St Francis

The Faithful Fool – a novel of Francis of Assisi

Chapter one

I’m blind but still I see. The earth is just a shadow. Hell is black smoke inhabited by creatures of fire.
They torment me, these offspring of my madness. They snicker and mock me. When I recoil, they laugh. With dagger fingers, sharp and cold as ice, they poke at my wounds. With falcon claws, they pull my hair. They spew gobs of yellow pus at me, these creatures of my past.
I weep with clouded eyes but their voices get louder.
“Your father died from disappointment and despair.”
“You broke your mother’s heart.”
“You killed them as much as you killed those you left bleeding on the battlefield.”
“And those you did not kill will bare the scars of knowing you for all of eternity.”
“You are a fool.”
“You are damned.”
Through my tears I saw before me the breasts I caressed and the breasts I pierced. The lips that kissed me, the mouths that spit upon me, the tongues that cursed me. I watched a river of wine pouring from a golden goblet which bore my name and I felt dizzy with drunkenness. Then the wine turned to blood, churning with severed limps and heads picked clean by ravens and dogs. Battered armor and broken weapons were swept up in the current like fallen trees and so much debris.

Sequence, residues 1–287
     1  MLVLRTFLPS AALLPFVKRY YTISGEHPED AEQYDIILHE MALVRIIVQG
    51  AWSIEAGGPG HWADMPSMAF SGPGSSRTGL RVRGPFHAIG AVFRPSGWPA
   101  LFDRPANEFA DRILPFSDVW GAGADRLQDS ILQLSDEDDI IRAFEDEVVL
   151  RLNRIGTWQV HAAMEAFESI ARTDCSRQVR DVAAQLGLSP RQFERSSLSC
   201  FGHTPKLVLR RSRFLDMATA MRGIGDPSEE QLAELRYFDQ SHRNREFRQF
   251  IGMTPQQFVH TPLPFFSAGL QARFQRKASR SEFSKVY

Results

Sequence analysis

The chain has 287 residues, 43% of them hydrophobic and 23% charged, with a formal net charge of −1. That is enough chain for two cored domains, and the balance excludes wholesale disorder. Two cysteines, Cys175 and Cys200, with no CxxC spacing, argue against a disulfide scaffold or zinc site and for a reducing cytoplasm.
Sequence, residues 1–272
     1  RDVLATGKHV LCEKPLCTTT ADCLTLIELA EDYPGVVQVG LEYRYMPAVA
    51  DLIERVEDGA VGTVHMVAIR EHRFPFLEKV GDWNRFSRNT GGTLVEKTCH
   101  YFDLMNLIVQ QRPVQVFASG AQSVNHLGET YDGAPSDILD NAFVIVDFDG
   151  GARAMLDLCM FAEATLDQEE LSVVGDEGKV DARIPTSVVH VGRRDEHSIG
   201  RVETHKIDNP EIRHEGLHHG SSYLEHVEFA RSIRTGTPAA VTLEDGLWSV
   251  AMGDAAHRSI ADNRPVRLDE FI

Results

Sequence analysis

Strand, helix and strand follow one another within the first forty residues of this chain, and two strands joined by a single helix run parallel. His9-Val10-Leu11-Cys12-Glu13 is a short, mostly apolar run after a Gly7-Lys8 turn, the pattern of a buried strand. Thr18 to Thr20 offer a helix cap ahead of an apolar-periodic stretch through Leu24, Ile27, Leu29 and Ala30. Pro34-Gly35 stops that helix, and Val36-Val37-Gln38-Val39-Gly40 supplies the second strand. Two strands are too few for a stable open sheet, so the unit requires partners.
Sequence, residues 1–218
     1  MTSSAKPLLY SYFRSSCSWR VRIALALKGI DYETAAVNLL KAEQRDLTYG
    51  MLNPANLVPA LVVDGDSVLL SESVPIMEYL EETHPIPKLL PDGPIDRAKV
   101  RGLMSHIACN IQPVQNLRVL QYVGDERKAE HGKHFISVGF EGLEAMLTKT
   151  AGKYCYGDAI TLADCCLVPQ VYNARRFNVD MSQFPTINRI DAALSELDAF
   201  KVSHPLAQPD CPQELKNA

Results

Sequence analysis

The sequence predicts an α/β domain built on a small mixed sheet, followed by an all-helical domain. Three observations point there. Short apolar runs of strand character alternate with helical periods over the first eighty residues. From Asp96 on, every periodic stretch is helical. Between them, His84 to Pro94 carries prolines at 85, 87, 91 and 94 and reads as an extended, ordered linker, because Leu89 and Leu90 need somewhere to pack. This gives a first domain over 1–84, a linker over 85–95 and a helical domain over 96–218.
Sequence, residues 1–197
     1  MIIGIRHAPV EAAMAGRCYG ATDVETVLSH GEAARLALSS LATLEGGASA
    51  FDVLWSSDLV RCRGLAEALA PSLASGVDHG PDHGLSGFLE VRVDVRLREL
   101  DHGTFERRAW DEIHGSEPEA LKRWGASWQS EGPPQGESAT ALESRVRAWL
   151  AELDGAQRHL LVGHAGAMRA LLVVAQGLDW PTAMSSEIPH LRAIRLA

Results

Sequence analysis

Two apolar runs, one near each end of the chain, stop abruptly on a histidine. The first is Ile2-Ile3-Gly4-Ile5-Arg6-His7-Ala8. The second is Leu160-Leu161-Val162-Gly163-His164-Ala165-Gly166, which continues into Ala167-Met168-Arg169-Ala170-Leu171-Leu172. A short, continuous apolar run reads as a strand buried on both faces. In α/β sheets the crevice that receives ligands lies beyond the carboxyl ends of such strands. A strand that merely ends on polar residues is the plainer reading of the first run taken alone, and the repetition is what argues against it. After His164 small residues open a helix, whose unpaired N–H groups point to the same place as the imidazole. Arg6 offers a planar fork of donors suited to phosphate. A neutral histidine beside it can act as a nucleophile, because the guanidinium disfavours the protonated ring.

My eyes burned with the sight. My wounds bled anew.
I then beheld a table laden with silver plates burdened by mounds of food, well-cooked and pleasing to eye and palate, causing my stomach to rumble and my mouth to drool at the memory of what was my delight.
I belched and shouted, “Where is it now? The plump capons? The ripe red grapes? The blood-red oranges? The thick slices of bread slick with olive oil and sprinkled with rosemary? The fat fish baked with lemon? What remains is fertilizer for the fields, that’s all.”
And so they offered me another temptation.
Soft white flesh tinged in blushing pink, thighs wide open, slender arms with jeweled ornaments reaching out for me, to hold me close, to stroke my back and caress my limp manhood.
“Behold the wife you did not take. And the children who will never be born and therefore never be a comfort in your old age. Instead, you rest upon the cold ground while your brothers become rich and lazy. What good are such brethren when children of your own would keep you warm and fed and nurse your ills?”
“What a fool you have been.”
Through parched lips I moaned, “I gave up so little to gain so much. A wife could die in childbirth. A son or daughter could reject the father. This I know all too well.”
They kicked and slapped me for my reasoning. They seared my eyes with visions of the past. They laughed all the louder and danced around my stricken body.
“You are nothing but a fool, Francis,” they said. Contorted faces sneering at me. Deformed bodies twisting around me. Obscene acts of sweat and blood competing for my attention. “Nothing but a damned fool.”
So, I did what I do best.
I began to sing.


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